Corruption, suicide and bungling are three of many negative terms connected to the Air Force effort to acquire new refueling tankers. This sordid history dates back to 2001 when the Air Force announced its intention to lease 100 new tankers from Boeing for $20 billion.
In May 2003, the Pentagon chief arms buyer approves the lease four days before he retires. Sen. John McCain promptly criticizes the arrangement and calls it a “sweet deal” for Boeing that will cost taxpayers more than the alternatives.
In November 2003, Boeing fires Chief Financial Officer Mike Sears and Vice President Darleen Druyun. Boeing said Sears had improperly offered Druyun a job while she was an Air Force acquisitions officer in charge of the tanker project. One week later, Boeing CEO Phil Condit “resigns.” Sears and Druyun later go to prison.
Early in 2004, Secretary of Defense Donald Rumsfield cancels the Boeing tanker leasing deal.
In January 2007, the Air Force issues a “final” request for tanker bids. A few months later, Boeing and Northrop submit bids. In October, The Air Force’s number two acquisition official, Charles Riechers, is found dead in his home of an apparent suicide. Riechers was working on the tanker program and was under scrutiny while awaiting Senate confirmation for another job.
In January 2008, Northrop confirms that the tankers will be built in Mobile should the Los Angeles-based company win the bidding. The next month, the Air Force awards the $35 billion contract for 179 tankers to Northrop/EADS. Jubilation reigns in Mobile, Alabama.
Boeing promptly files a loser’s whining protest. The aerospace giant brings its considerable political clout to bear, attempting to convince the government that whining constitutes substance. Three months later on March 10, 2008, the General Accounting Office upholds the Boeing protest, citing “significant errors” in the process.
Later in 2008, Secretary of Defense Robert Gates cancels the Northrop award and says the Pentagon will rebid the contract. But he removes control over the process from the Air Force, saying his office will make the decision. The Pentagon then releases a draft request for another round of bidding.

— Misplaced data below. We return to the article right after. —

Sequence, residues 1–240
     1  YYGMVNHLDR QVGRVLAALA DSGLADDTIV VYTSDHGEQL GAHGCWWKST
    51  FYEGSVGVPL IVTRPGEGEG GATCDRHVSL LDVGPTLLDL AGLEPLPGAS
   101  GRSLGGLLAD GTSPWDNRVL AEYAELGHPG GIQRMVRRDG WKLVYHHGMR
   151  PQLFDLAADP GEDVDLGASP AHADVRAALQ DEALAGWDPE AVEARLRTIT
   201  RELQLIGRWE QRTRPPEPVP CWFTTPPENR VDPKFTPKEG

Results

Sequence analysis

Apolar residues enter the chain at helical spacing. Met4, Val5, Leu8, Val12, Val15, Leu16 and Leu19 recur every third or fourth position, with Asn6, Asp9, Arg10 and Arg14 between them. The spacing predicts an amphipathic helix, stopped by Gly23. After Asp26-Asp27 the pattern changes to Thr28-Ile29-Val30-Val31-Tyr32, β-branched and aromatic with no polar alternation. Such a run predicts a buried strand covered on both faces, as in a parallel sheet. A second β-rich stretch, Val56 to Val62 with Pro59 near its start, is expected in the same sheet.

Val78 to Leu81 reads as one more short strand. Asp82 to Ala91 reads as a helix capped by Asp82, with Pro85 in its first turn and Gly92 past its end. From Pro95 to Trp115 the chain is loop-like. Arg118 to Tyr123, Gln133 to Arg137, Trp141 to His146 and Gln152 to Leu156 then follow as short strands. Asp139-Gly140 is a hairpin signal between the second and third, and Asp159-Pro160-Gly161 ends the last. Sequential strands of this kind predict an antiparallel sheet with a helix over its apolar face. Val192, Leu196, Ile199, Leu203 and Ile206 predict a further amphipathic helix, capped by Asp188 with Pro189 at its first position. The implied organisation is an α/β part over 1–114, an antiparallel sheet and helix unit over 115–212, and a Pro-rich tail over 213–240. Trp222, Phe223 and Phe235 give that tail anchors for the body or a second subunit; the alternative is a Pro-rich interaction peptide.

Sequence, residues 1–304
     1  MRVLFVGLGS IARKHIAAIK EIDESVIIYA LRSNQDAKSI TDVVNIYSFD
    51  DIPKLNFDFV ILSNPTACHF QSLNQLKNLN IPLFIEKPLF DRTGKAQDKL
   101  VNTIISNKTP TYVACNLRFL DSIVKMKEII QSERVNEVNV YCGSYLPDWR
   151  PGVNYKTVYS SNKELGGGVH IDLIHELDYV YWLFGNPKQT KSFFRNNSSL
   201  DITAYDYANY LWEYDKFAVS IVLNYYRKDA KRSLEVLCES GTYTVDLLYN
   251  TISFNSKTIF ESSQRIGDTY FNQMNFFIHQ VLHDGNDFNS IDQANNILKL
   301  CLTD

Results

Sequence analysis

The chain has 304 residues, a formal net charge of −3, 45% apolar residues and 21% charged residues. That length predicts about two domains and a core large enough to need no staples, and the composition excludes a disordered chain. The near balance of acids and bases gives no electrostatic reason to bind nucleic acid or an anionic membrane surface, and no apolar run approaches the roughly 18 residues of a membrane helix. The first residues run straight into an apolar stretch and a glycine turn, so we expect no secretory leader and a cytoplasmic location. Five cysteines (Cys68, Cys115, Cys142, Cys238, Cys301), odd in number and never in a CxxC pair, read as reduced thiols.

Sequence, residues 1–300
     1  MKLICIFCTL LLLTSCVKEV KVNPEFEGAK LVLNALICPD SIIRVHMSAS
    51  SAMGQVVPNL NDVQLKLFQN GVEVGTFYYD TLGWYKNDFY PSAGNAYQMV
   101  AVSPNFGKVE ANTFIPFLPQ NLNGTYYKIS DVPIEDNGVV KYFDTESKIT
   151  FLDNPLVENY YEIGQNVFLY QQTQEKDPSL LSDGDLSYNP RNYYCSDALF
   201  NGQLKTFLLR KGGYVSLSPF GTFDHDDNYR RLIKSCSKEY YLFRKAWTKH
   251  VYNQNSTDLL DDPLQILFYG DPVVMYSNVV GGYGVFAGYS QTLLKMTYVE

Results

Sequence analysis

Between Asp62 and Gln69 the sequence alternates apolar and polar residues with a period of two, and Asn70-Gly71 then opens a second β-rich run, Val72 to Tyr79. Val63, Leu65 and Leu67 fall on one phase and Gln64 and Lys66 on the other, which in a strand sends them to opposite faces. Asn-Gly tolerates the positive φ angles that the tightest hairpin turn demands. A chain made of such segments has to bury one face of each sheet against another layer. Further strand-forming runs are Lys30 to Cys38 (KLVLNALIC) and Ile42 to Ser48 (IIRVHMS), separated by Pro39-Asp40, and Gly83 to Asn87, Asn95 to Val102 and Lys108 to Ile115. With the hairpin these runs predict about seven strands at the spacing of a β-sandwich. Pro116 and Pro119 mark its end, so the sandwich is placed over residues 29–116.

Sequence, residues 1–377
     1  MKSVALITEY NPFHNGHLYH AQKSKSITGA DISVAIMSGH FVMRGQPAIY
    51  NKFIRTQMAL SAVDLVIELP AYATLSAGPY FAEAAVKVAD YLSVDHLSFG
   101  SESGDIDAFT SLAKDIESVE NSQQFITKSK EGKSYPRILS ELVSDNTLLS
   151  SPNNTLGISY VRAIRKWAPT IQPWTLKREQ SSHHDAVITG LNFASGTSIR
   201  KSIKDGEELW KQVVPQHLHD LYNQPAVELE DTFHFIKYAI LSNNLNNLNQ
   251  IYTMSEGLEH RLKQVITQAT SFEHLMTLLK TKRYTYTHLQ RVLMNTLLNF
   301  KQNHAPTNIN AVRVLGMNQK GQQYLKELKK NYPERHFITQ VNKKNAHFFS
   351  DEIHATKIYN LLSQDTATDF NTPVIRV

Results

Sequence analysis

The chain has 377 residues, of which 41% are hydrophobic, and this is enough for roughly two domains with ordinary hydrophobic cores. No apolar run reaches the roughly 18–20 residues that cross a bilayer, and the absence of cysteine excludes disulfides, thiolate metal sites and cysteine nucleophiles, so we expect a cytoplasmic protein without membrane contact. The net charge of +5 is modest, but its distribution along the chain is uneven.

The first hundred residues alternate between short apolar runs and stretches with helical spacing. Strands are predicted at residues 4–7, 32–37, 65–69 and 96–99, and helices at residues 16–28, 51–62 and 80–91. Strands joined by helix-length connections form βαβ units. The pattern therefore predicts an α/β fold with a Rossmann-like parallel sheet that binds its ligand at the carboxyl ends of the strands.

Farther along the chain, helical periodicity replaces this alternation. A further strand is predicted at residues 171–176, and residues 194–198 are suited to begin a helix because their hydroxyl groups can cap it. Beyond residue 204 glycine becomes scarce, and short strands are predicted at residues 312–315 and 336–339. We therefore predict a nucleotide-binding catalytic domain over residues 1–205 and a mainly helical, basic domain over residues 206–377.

Within days, Boeing complains that it may bail out of the bidding unless it gets additional time from the Pentagon to consider its offer. The Defense Department yields to Boeing and delays the competition, effectively punting the decision to the Obama Administration which will take office in four months. President Obama asks Robert Gates to stay on as Defense Secretary and Gates agrees. Gates returns control over the process to the Air Force.
During this time frame, the idea of a split purchase is being discussed as the best way to get new tankers quickly into the air. Despite opposition from Secretary Gates, the proposal to split the purchase between Boeing and Northrop gains traction when Rep. John Murtha, the powerful head of House Appropriations Defense Subcommittee voices support. Murtha later backs off on including this split requirement in legislation but says he will try again in the next session of Congress. Mobile leaders embrace the idea of a split purchase as the best way of being guaranteed at least a piece of the action.
In January of 2010, Murtha enters a hospital for gall bladder surgery. In what is usually routine laparoscopic surgery, Murtha’s large intestine is “nicked” during the procedure and an infection sets in. Murtha dies a few days later and with him the best chance of a split contract.
In March 2010, Northrop withdraws from the competition, saying the bid specifications are slanted in Boeing’s favor. EADS then decides to go it alone and submits a bid without Northrop as a partner. Boeing submits its bid the next day. Secretary Gates says the competition will be decided before the end of the year. Then later he says that most likely it will be 2011 before the decision is made.
And last month, inept Air Force officials mistakenly release confidential proprietary information to both contestants on the other’s bid. Heads roll in the Pentagon. And the basis for a protest by the loser of the next award has been provided compliments of the clowns in the Pentagon bureaucracy.
So where does all of this leave Mobile, Alabama? An EADS win would firmly establish Mobile as an aerospace manufacturing center and provide thousands of jobs.
The diplomatic Mobile Chamber of Commerce President Win Hallett told us: “It’s not often you’ll see economic developers spending a decade working a new industry prospect. But that’s precisely what we’ve been doing since 2001 when the Mobile Area Chamber first began courting EADS, and its bid to build aerial refueling tankers in Mobile. Throughout the highs and lows one thing remains constant, and that is EADS North America is offering the U.S. Air Force an operational, capable and valuable aircraft in the KC-45; and there are thousands of American workers all along the Gulf Coast who have the skills needed to build this military plane.”
Will lightning strike Mobile, Alabama again? Stay tuned.